Pub­li­ca­tions

Alco­hol and Fam­i­ly Law

Last year, I wrote an arti­cle on cannabis use and its poten­tial impact on par­ent­ing mat­ters. I have recent­ly con­sid­ered some recent cas­es where alco­hol was raised as an issue in par­ent­ing pro­ceed­ings and com­ment as fol­lows (please note that the whole case should be read for a prop­er con­sid­er­a­tion of the oth­er fac­tors deter­min­ing the child/children’s best interests):

Orders for test­ing for alco­hol con­sump­tion can be made in Court. Com­mon tests are as follows:

  1. 1. Uri­nal­y­sis in a chain of cus­tody set­ting. A par­ty will typ­i­cal­ly have 24 hours to attend at a GP/​lab and pro­vide a sam­ple to test for alco­hol and drugs. The par­ty is observed while the sam­ple is pro­vid­ed to ensure the sam­ple is their own. (How­ev­er, alco­hol and drugs only stay in the urine for a short period).
  2. 2. CDT test­ing. This will only show if a per­son has been con­sum­ing alco­hol at a high lev­el and at a high fre­quen­cy. A one off binge (or even a few day binge) will not ele­vate the result.
  3. 3. Hair fol­li­cle test­ing. A col­lec­tor will super­vise the cut­ting of the person’s hair (usu­al­ly 36cm) and test it for alcohol/​a range of drugs. This can test for alco­hol and drug use with­in the last few months.

Inter­im pro­ceed­ings, time sus­pend­ed completely

The child was 9 at the time of the deci­sion. Orders were made (on an inter­im basis only) that the child spend no time with the mother.

At the hear­ing, the moth­er reject­ed the alle­ga­tion that she was an alco­holic or that she had a prob­lem with alco­hol. She acknowl­edged that there were times when she con­sumed too much alco­hol but this was when the child was not with her. A report from a doc­tor con­sid­ered that the mother’s self-med­ica­tion with alco­hol was poten­tial­ly prob­lem­at­ic’. Hos­pi­tal records showed the moth­er had been admit­ted when her blood alco­hol lev­els were ele­vat­ed (well past the legal dri­ving lim­it). CDT test results were ele­vat­ed. On an inter­im basis, the judge accept­ed that the child had acute trau­mat­ic stress syndrome.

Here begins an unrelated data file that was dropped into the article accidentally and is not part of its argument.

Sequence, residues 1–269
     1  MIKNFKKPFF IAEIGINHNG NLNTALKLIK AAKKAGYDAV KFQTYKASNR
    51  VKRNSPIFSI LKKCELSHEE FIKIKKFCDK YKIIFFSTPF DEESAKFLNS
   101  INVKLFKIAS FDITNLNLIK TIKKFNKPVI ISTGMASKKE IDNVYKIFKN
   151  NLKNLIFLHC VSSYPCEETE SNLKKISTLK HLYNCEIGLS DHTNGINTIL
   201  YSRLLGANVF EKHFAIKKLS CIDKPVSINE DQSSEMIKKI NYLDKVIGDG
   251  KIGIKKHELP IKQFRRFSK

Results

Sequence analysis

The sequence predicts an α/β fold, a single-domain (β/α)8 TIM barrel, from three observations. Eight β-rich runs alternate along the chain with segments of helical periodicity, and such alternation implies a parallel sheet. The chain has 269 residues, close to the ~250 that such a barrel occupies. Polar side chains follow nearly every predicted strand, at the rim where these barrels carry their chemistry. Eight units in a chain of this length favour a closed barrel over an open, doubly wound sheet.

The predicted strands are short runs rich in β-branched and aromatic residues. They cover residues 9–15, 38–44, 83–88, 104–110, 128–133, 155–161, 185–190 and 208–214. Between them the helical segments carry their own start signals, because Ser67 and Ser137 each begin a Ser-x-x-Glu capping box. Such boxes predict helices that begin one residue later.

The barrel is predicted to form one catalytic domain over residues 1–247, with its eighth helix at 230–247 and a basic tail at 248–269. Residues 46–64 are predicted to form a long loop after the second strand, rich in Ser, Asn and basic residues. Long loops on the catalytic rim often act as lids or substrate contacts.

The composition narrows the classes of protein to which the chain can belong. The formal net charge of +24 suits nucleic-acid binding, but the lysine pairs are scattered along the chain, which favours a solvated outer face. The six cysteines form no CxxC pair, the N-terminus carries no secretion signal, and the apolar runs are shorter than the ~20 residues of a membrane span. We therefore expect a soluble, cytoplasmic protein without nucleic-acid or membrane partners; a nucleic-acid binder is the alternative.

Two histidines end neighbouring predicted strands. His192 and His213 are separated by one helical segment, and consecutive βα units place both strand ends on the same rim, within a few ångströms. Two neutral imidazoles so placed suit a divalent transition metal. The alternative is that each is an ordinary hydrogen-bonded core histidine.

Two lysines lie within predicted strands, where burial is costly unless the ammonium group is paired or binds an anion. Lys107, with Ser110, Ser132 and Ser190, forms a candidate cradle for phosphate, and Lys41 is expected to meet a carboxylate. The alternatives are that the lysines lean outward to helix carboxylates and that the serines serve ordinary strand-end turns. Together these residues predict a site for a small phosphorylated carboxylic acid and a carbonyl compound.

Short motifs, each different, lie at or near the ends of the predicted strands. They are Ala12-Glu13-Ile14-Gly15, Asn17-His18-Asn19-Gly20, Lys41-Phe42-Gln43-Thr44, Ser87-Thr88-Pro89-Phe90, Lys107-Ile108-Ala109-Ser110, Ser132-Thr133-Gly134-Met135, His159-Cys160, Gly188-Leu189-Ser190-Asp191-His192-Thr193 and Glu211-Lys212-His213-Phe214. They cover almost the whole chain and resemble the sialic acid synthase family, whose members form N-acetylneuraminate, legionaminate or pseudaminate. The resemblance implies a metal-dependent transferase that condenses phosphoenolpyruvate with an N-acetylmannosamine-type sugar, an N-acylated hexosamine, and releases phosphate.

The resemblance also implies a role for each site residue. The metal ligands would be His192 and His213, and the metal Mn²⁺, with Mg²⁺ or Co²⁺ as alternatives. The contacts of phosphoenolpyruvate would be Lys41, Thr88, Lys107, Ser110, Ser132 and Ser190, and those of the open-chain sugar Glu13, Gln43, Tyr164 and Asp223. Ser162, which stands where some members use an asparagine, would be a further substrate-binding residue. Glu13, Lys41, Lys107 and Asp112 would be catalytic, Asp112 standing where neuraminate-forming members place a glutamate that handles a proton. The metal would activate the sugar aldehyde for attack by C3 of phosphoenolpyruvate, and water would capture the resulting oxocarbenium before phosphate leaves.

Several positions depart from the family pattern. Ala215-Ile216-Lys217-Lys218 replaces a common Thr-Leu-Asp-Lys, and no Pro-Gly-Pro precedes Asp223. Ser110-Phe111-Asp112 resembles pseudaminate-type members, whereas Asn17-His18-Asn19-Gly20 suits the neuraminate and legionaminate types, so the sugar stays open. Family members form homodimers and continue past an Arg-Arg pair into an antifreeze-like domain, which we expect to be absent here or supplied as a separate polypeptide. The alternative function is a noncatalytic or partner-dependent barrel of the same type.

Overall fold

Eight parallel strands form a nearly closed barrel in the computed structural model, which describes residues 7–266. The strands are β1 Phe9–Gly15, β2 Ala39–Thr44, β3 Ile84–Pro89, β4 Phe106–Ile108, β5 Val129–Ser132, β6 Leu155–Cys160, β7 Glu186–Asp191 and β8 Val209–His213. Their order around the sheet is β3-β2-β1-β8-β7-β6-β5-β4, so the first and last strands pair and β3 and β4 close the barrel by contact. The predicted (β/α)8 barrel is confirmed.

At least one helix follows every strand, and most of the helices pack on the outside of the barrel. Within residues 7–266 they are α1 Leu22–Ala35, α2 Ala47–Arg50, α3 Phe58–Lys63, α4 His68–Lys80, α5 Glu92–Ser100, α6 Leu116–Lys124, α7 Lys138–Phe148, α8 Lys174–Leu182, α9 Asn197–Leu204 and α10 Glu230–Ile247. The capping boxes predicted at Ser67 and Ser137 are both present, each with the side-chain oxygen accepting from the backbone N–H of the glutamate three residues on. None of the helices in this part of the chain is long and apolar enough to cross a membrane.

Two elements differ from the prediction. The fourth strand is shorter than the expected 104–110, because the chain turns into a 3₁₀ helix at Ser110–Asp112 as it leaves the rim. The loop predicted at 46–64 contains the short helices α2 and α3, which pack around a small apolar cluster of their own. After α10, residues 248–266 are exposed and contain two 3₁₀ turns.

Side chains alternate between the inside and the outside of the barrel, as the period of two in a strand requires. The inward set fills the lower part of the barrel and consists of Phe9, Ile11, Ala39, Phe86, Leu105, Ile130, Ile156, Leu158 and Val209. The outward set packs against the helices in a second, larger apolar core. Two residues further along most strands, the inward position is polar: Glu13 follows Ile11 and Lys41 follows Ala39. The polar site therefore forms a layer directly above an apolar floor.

The judge stat­ed that at this stage of the pro­ceed­ings the Court must take a cau­tious approach. The judge was per­suad­ed that the risk to the child in spend­ing any time with the moth­er was unac­cept­able and super­vi­sion would not be ade­quate pro­tec­tion and made Orders to that effect.

[[Maid­en & Maid­en [2018] Fam­CA 371]]

Final pro­ceed­ings, Orders for time made 

In 2 cas­es in 2018 Orders were made for the moth­er to spend 5 nights a fort­night with the children. 

In the first it did not appear that there was con­sis­tent alco­hol use, although the moth­er con­ced­ed that an event occurred which was inap­pro­pri­ate and upset­ting for the chil­dren. Orders were made that the chil­dren spend time with the moth­er 5 nights a fort­night (con­sec­u­tive) and that the moth­er be restrained from con­sum­ing alco­hol caus­ing her to be above the legal dri­ving lim­it while the chil­dren were in her care.

The tri­al judge con­sid­ered these Orders min­imised the risk to the chil­dren of expo­sure to con­flict and to the mother’s, at times, errat­ic or impul­sive behaviour.

In the sec­ond it was agreed that the moth­er had a his­to­ry of alco­hol abuse and had con­tin­ued to drink but not to the extent of alco­hol abuse. There was a con­cern that the moth­er might relapse into alco­hol abuse.

Orders were made that the chil­dren spend time with the moth­er 5 nights a fort­night (3 nights in the first week and 2 nights in the sec­ond week) and that the moth­er be restrained from con­sum­ing alco­hol for a peri­od of 12 hours pri­or to and when the chil­dren are in her care.

The tri­al judge con­sid­ered that the time pro­vid­ed for the chil­dren to spend sub­stan­tial­ly more time with the moth­er than they cur­rent­ly did while not extend­ing the peri­ods for so long that they place her abil­i­ty to remain sober under strain.

[[Gre­sham & Gre­sham [2018] Fam­CA 286]] [[Plough­man & Plough­man [2017] Fam­CA 612]]

Final pro­ceed­ings, guil­lo­tine Orders sought

In this case the father had agreed to be restrained from con­sum­ing alco­hol to excess or stor­ing alco­hol in any room where the chil­dren are to sleep. How­ev­er, the moth­er sought that, in the event of a breach, the children’s time with the father would be reduced from equal time to day time only, 2 days a week.

At tri­al, the tri­al judge deter­mined that the guil­lo­tine order” would apply in rela­tion to stor­age of alco­hol. He stat­ed that the con­di­tion was more objec­tive­ly ver­i­fi­able and would be breach­es the hus­band could more eas­i­ly demon­strate he has sub­se­quent­ly cor­rect­ed’. The tri­al judge declined to make the guil­lo­tine order” with respect to the con­sump­tion of alco­hol to excess and stat­ed breach­es of con­di­tions of orders in rela­tion to those mat­ters are more appro­pri­ate­ly a mat­ter for an appli­ca­tion for con­tra­ven­tion. If the breach­es are extreme, the wife could sus­pend time and rely upon the seri­ous­ness of the breach as a rea­son­able excuse against a con­tra­ven­tion appli­ca­tion and make an appli­ca­tion in the mean­time for a change of the orders’.

[[Hearn & Wool­cott [2018] Fam­CA 486]]

If alco­hol is an issue in your par­ent­ing pro­ceed­ings con­tact a fam­i­ly lawyer ear­ly to work out how to resolve these issues ear­li­er rather than later.